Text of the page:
It was a British formation, and was always commanded by British generals. Its personnel came from throughout the British Empire and Commonwealth, complemented by units composed of exiles from Nazi-occupied Europe. Subordinate units came from Australia, British India, Canada, Free French Forces, Greece, New Zealand, Poland, Rhodesia, South Africa and the United Kingdom.

Was one of the best-known formations in World War II, fighting in the North African and Italian campaigns.


North Africa

Eighth Army first went into action as an Army as part of Operation Crusader, the Allied operation to relieve the besieged city of Tobruk, on 17 November 1941, when it crossed the Egyptian frontier into Libya to attack Erwin Rommel's Panzer Army Africa.

On 26 November the Commander-in-Chief Middle East Command, General Sir Claude Auchinleck, replaced Cunningham with Major-General Neil Ritchie, following disagreements between Auchinleck and Cunningham. Despite achieving a number of tactical successes, Rommel was forced to concede Tobruk and was pushed back to El Agheila by the end of 1941. In February 1942 Rommel had regrouped his forces sufficiently to push the over-extended Eighth Army back to the Gazala line, just west of Tobruk. Both sides commenced a period of building their strength to launch new offensives but it was Rommel who took the initiative first, forcing Eighth Army from the Gazala position.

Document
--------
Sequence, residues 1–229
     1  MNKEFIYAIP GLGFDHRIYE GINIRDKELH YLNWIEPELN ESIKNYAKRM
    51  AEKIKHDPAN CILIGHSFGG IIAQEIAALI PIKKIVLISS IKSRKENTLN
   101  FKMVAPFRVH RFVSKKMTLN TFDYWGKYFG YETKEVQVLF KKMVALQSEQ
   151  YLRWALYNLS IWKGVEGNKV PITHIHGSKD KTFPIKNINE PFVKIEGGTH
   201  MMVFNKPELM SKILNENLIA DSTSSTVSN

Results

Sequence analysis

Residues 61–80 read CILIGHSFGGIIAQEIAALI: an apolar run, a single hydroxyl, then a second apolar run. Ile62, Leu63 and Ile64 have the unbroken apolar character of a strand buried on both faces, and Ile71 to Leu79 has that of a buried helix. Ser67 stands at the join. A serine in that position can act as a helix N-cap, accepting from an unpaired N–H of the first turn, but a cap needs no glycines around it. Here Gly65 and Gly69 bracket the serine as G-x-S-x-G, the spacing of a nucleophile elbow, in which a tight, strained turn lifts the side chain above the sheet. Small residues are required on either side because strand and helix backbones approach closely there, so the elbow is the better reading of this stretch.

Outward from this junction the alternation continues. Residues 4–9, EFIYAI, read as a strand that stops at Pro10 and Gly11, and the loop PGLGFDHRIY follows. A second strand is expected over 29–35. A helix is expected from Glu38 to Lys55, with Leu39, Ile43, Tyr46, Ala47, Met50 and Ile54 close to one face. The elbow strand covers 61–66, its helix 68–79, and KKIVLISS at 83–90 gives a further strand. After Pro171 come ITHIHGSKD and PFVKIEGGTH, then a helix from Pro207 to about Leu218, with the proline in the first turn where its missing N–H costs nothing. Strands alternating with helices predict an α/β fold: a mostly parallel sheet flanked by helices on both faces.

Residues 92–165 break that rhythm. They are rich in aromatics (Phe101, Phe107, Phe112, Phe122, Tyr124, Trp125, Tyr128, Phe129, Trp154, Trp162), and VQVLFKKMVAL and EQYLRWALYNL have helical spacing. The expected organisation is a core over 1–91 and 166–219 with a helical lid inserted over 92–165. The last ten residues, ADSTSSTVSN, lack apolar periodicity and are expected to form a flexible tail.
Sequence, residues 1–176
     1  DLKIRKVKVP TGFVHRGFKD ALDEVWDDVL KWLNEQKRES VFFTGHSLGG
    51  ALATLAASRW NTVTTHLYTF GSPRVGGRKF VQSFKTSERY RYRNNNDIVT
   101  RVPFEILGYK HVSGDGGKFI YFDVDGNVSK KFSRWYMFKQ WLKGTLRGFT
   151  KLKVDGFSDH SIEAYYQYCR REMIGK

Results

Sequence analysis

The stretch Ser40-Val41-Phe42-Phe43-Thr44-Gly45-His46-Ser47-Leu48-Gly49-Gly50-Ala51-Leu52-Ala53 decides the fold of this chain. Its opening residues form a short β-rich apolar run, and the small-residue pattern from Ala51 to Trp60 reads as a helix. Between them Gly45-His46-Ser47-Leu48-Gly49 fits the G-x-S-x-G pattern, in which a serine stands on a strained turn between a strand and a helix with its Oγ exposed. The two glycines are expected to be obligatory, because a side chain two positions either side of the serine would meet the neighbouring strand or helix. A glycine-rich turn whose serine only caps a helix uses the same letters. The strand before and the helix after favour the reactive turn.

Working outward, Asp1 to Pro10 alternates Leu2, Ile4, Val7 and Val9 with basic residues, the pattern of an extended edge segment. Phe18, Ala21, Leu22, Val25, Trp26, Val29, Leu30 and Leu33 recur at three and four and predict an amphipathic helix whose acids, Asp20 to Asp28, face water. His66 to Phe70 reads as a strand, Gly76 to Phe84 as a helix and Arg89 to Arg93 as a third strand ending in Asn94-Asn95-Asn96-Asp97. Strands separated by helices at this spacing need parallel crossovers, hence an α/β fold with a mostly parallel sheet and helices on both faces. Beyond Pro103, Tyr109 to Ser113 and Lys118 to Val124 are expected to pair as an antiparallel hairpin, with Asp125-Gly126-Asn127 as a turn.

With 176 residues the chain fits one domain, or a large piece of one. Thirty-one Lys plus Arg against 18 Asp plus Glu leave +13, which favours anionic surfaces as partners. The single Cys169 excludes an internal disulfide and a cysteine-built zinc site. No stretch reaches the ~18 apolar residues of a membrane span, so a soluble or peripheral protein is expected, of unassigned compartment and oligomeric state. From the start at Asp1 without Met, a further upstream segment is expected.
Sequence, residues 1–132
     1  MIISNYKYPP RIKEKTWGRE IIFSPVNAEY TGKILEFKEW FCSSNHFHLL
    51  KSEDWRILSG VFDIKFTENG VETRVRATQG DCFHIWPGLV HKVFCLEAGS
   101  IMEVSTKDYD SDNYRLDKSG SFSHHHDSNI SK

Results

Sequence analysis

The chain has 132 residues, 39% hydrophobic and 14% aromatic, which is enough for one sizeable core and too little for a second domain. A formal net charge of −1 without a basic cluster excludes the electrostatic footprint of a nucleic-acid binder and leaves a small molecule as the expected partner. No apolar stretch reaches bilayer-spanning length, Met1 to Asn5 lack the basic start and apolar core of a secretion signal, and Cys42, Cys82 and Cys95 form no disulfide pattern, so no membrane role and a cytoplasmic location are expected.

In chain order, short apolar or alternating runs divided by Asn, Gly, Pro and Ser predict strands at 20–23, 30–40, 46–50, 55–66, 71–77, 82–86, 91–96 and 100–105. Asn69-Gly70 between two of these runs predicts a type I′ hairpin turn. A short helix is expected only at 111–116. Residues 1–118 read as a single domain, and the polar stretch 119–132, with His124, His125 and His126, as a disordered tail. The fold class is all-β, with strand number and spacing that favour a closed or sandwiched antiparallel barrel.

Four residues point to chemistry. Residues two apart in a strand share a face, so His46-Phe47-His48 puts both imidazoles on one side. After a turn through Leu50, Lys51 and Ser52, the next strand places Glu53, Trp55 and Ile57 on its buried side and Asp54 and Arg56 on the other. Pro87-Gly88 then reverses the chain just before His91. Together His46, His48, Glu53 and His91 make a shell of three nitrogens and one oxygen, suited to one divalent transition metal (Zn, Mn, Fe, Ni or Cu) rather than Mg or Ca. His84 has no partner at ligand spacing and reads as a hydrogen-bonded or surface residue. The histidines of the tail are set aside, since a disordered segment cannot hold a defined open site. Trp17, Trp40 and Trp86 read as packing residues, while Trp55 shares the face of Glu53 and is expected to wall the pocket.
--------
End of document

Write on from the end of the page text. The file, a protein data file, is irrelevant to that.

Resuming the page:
Ritchie proved unable to halt Rommel and was replaced when Auchinleck himself took direct command of the army. The Panzer Army Afrika were eventually stopped by Auchinleck at the First battle of El Alamein. Auchinleck, wishing to pause and regroup Eighth Army which had expended a lot of its strength in halting Rommel, came under intense political pressure from Winston Churchill to strike back immediately. However, he proved unable to build on his success at Alamein and was replaced as Commander-in-Chief Middle-East in August 1942 by General Alexander and as Eighth Army commander by Lieutenant-General William Gott. Gott was killed in an air crash on his way to take up his command and so Lieutenant-General Bernard Montgomery was appointed in his place. Alexander and Montgomery were able to resist the pressure from Churchill, building the army's strength and adding a pursuit formation, X Corps, to the Army's XIII Corps and XXX Corps.

At the beginning of November 1942 the Eighth Army defeated Rommel in the decisive Second Battle of El Alamein, pursuing the defeated Axis army across Libya and reaching the Mareth defensive line on the Tunisian border in February 1943 where it came under the control of 18th Army Group. Eighth Army outflanked the Mareth defenses in March 1943 and after further fighting alongside British First Army, the other 18th Army Group component which had been campaigning in Tunisia since November 1942, the Axis forces in North Africa surrendered the 13 May 1943.